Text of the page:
Don’t Forget Dental Care For Your Dog
Many pet owners enjoy sharing their food with their dogs. But it’s important that your pet is receiving dog dental care no matter what kind of food they’re eating.

Up to 80% of dogs have periodontal disease by the age of three. Left untreated, periodontal disease can lead to major health problems for your dog.

Dental care for your dog is an important part of pet healthcare. To learn more about dental care for your dog or to schedule an appointment for your dog, contact the office of AZ Paws today.

Spaying Your Cat: What To Expect Before, During, And After The Procedure

Read about what to expect before and after you spay your cat on the AZPAWS blog.

Spaying Your Cat: What To Expect Before, During, And After The Procedure

It’s important to spay your pet before their first heat for a number of reasons. The first is that is can help prevent uterine infections. The second is that is can help prevent cancerous tumors, which affect up to 90% of cats. It’s essential that a cat is spayed before their first heat because they can become pregnant as soon as they’re five months old.

Therefore, to ensure you’re properly prepared for your feline’s spaying, here’s what you need to know about the process of spaying a cat.

Preparing your Cat
Similar to human surgery, it’s often recommended that a cat doesn’t consume food or water for up to 12 hours prior to their surgery. This is to help prevent vomiting during surgery, which could complicate the procedure.

It’s also a good idea to prepare for the morning of the surgery based on your cat’s known behavior. For instance, if your cat is likely to hide at the sight of their carrier, keep them in the guest bedroom over night so they’ll be easier to catch the next day. Additionally, keep your cat indoors the night before the surgery to ensure they’re not drinking or eating for 12 hours prior to the surgery.

During the Surgery
During the surgery, a veterinarian will be assisted by either one or two technicians. The veterinarian may choose to use an intravenous catheter on your pet to provide them with drugs or fluids. However, this isn’t always the case.

Should the catheter be used, one of the technicians will shave applied area either on the back foot of your cat or the front leg. Your cat will be anesthetized and sedated during the procedure. The procedure will take up to 30 minutes at most.

A small incision is made in the stomach area of your cat during the surgery. Be sure to pay close attention to this area after the procedure for signs of infection, swelling, or bleeding.

After the surgery
After the surgery, you’ll want to keep your cat indoors for at least a week. Keep him or her safe and comfortable.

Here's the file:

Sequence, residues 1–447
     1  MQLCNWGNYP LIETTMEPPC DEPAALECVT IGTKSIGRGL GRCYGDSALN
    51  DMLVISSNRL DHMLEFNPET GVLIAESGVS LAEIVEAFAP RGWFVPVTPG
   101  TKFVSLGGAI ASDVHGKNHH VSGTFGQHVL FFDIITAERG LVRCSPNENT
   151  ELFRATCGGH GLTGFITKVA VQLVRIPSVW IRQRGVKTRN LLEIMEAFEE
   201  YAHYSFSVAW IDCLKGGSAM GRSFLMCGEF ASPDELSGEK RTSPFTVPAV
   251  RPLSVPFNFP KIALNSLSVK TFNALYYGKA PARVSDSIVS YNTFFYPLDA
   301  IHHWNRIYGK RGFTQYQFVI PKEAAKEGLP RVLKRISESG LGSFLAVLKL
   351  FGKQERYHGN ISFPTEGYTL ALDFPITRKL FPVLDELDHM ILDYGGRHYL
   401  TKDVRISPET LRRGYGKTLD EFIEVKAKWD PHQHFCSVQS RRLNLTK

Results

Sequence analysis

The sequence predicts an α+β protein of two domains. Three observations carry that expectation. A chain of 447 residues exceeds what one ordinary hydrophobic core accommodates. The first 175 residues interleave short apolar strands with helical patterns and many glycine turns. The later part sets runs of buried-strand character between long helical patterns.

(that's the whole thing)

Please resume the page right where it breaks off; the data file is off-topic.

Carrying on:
Many cats are often back to their normal behavior within 24 hours. If your feline is still behaving oddly or groggy after more than two days be sure to check in with your veterinarian.

As a pet owner, it’s essential that you understand the importance of spaying or neutering your pet when it comes to pet healthcare. Spaying your pet means caring for your pet. For more information on the benefits of spaying your pet and caring for your cat after spaying or neutering, contact AZPaws today.

What You Might See After Your Dog Has Been Spayed

After your do has been spayed, read more about the signs you need to watch for to ensure your pet is healing properly.

What You Might See After Your Dog Has Been Spayed

Putting your dog through surgery, no matter how minor the procedure may be, can be a lot to handle. It can be overwhelming as you may be worried about what’s going to happen. However, if your dog is about to get spayed, there isn’t much to worry about!

Taking your dog to get spayed is one of the most common procedures you can put them through. However, there are some potential symptoms you should be aware of. Some of these symptoms must be addressed by a vet immediately. Let’s take a look at a few things you might notice.

Their Incision
Since the procedure does involve the vet cutting into your pet, they will have an incision that needs to heal over time. The incision will be sewed up by the vet and will need to stay intact. In order to do this, the dog needs to avoid chewing on the stitches or disturbing the wound. If they do, you’ll notice an infection starting to form. Keeping them away from that area will prevent any serious problem they might develop in the future.

Bleeding
Heavy bleeding is not normal for a dog following the procedure. There is a chance that the dog might experience a bit of bleeding where their incision is sewed up, which is expected. However, if you notice severe bleeding or bleeding from other areas of the body, you need to contact your vet office immediately.

Long-Term Symptoms